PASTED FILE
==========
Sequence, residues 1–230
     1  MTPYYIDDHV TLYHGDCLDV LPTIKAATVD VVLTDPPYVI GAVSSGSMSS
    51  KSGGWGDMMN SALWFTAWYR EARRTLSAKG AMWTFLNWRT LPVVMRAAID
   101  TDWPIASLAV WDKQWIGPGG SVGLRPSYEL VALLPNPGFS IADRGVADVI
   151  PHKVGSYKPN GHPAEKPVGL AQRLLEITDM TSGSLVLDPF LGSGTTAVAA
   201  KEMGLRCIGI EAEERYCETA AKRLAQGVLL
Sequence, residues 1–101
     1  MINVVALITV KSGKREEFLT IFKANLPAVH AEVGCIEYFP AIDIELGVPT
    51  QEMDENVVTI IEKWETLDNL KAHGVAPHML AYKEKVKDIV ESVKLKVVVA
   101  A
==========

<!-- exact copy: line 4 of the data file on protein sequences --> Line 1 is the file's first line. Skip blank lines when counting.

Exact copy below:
   101  TDWPIASLAV WDKQWIGPGG SVGLRPSYEL VALLPNPGFS IADRGVADVI